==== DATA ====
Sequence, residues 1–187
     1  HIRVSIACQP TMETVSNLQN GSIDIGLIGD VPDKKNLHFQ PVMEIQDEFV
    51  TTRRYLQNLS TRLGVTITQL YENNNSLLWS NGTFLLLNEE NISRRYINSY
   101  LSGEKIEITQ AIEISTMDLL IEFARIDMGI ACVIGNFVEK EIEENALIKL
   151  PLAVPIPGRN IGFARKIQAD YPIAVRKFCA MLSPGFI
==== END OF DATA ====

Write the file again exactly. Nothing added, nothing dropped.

Sequence, residues 1–187
     1  HIRVSIACQP TMETVSNLQN GSIDIGLIGD VPDKKNLHFQ PVMEIQDEFV
    51  TTRRYLQNLS TRLGVTITQL YENNNSLLWS NGTFLLLNEE NISRRYINSY
   101  LSGEKIEITQ AIEISTMDLL IEFARIDMGI ACVIGNFVEK EIEENALIKL
   151  PLAVPIPGRN IGFARKIQAD YPIAVRKFCA MLSPGFI